The number of “vaccine objectors” has risen dramatically since 1999, and top Australian immunization specialists are concerned. Twelve Australian specialists are warning parents that “they are risking deadly consequences” if they choose not to fully vaccinate their children.
Statistics now show that one in 12 Australian babies is not fully immunized. This drop, researchers believe, may lead to outbreaks of diseases thought to be nearly extinct, such as diphtheria, whooping cough, and measles. The number of conscientious objectors has risen six-fold since 1999.
Doctors say that this rising number of parents choosing not to get their children vaccinated is putting the whole community at risk.
The general aim of public health officials since the birth of vaccinations has been to establish what is known as “herd immunity.” Herd immunity occurs when the majority of the population is vaccinated, thereby drastically limiting the spreading of certain diseases. For years, pertussis (also known as whooping cough) has been all but extinct. However, as of 2009, the protection of herd immunity was compromised in some areas, leading to outbreaks of the disease.
This is in part to parental refusal of vaccination, since diseases such as whooping cough are vaccine-preventable.
While many parents argue that their decision to vaccinate or not vaccinate their children is personal, the theory of herd immunity states otherwise. When one child contracts whooping cough, for example, the infect on average 12 to 17 other individuals. While those who are vaccinated will not contract the disease, unborn babies and infants are too small to be vaccinated and are therefore susceptible. There are also those who are immune to immunizations, and therefore are only protected from infectious diseases by herd immunity.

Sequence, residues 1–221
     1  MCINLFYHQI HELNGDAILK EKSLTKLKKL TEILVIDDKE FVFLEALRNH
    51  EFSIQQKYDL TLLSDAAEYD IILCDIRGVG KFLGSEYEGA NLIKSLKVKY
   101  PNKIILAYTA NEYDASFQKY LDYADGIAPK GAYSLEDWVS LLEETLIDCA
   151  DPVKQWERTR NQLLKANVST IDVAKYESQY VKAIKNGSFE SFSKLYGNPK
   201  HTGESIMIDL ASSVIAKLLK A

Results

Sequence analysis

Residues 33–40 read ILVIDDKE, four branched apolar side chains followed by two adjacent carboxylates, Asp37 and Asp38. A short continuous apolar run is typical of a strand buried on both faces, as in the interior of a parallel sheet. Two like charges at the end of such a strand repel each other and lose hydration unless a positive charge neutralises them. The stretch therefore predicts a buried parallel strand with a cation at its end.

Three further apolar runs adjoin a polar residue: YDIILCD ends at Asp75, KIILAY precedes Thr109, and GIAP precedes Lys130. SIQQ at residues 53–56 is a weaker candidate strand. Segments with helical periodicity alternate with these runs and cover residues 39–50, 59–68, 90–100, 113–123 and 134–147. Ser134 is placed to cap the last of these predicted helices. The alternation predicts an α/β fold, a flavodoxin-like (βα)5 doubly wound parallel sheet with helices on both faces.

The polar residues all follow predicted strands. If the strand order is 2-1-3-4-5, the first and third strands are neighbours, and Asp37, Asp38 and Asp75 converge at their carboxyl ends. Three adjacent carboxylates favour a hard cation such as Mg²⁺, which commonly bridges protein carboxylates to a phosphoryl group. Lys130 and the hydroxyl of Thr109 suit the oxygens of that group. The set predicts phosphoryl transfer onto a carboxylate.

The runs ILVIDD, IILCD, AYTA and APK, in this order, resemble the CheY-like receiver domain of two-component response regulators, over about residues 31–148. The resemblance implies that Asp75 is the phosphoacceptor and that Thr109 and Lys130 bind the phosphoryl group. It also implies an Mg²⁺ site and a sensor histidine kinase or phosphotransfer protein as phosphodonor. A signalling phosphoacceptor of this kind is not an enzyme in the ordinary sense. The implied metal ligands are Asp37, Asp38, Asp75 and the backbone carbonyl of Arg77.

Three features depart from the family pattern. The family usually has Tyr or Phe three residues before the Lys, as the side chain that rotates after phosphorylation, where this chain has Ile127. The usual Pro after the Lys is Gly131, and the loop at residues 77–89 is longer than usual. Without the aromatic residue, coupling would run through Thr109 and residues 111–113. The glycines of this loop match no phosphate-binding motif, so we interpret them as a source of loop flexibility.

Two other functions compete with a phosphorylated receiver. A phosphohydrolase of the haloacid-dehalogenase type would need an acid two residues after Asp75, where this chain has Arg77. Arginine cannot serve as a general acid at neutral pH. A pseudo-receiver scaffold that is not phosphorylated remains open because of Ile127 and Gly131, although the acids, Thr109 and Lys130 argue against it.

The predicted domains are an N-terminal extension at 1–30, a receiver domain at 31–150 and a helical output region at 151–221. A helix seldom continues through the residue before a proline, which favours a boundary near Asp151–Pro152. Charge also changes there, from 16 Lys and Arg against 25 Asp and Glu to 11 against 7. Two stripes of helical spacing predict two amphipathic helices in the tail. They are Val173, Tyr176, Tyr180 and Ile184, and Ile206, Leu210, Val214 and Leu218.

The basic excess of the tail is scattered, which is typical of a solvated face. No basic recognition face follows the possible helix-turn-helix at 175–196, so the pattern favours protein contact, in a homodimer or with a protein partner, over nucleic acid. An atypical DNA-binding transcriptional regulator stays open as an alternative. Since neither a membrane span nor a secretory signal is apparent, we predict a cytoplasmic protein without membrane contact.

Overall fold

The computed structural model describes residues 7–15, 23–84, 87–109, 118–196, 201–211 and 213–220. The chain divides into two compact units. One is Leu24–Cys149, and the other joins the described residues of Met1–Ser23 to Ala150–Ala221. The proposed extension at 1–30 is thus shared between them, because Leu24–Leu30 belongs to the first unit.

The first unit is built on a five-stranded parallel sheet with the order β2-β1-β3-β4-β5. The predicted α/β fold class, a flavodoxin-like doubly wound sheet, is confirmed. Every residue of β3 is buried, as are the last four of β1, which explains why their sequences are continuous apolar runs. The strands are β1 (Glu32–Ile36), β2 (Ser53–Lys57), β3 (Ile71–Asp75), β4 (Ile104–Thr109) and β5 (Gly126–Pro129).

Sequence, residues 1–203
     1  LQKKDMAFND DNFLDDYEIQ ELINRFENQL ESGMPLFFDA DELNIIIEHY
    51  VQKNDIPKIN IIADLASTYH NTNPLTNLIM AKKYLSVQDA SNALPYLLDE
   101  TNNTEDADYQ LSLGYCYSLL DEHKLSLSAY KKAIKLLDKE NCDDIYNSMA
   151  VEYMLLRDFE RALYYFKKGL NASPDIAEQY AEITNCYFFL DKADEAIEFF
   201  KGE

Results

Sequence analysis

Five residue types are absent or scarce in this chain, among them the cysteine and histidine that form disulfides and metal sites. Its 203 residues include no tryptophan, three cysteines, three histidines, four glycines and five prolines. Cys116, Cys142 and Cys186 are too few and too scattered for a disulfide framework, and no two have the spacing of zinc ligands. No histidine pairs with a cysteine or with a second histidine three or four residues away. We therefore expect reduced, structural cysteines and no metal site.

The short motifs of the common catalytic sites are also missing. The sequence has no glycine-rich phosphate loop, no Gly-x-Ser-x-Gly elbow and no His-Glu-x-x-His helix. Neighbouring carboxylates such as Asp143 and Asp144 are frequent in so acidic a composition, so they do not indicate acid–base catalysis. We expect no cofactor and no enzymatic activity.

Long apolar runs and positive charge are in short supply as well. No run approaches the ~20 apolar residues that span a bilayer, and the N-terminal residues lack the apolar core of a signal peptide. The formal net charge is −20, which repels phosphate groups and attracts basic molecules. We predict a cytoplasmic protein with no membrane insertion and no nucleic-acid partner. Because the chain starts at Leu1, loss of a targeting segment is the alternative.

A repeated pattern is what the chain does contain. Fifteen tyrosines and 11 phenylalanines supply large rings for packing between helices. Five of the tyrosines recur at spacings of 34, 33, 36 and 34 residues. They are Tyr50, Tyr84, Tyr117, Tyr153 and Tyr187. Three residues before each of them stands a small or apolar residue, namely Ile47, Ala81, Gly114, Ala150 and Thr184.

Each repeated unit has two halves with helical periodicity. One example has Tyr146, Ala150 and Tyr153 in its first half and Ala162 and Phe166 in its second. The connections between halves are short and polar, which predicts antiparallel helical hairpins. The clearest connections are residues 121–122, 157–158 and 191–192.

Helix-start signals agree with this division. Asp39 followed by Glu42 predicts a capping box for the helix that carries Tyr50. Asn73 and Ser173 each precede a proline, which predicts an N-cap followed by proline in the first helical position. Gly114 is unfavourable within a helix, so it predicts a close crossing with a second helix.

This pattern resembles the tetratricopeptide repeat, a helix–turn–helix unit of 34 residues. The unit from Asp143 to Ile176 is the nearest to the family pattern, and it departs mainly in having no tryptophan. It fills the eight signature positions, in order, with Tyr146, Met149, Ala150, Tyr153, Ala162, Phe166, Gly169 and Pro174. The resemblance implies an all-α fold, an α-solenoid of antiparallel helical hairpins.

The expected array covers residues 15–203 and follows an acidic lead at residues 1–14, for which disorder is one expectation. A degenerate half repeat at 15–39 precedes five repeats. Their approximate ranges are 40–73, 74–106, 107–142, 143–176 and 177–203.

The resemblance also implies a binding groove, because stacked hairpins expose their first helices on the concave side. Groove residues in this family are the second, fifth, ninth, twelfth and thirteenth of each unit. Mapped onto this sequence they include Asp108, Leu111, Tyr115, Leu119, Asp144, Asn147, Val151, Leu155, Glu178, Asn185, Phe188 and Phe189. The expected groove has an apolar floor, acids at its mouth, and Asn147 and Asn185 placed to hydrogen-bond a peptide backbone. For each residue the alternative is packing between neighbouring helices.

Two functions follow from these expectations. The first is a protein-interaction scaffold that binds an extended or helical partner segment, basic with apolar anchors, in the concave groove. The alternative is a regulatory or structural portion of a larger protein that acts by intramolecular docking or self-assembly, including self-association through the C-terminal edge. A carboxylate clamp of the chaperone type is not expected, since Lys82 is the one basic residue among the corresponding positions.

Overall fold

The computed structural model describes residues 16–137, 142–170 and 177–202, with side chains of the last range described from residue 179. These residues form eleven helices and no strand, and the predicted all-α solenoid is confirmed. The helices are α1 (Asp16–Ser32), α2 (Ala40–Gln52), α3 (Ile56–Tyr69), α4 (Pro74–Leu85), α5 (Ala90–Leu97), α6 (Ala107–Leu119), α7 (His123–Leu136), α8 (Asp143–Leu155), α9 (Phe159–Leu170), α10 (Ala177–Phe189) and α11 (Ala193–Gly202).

If 92 percent of the population is vaccinated against whooping cough the disease remains non-existent. Outbreaks of the disease in recent years indicate that the herd immunity threshold has been broken.
In response to the decline in immunizations, the Australian Academy of Science is working with the Australian Medical Association (AMA) to publish and distribute a booklet explaining the importance of vaccinations.
The booklet is purposed to combat the “misinformation” that has driven vaccination rates so low. The AMA says that immunizations remain the most effective protection against disease. President Suzanne Cory says, “Vaccination is incredibly important for our society to keep us free of infectious diseases.”
“You just have to think back to the early days of Australia and look in the cemeteries and see how many young children died of infectious diseases before we had these wonderful vaccines and before we had antibiotics. It is of concern that there are these pockets of conscientious objection to vaccination that are growing,” she added.
“I don’t think people understand that they’re not just choosing for their own family, they’re putting at risk the wider community.”
Scientists say that the internet and social media, with its wealth of information and varying opinions, is not helping their cause.
“I think it was 1998 when a paper was published in the British highly-reputably medical journal The Lancet suggesting that there was a link between autism and being given the MMR measles-containing vaccine,” Emeritus Professor Tony Basten, of Sydney’s Garvan Institute of Medical Research, noted.
“The suggestion was that the virus got into the intestine and stopped the absorption of nutrients that are needed for normal brain development. Extensive studies have been done comparing the autism rate in vaccinated and non-vaccinated people. There is no difference. And that paper is now accepted as fraudulent and it has been withdrawn by the publishers.”
Do you vaccinated your children? Why or why not?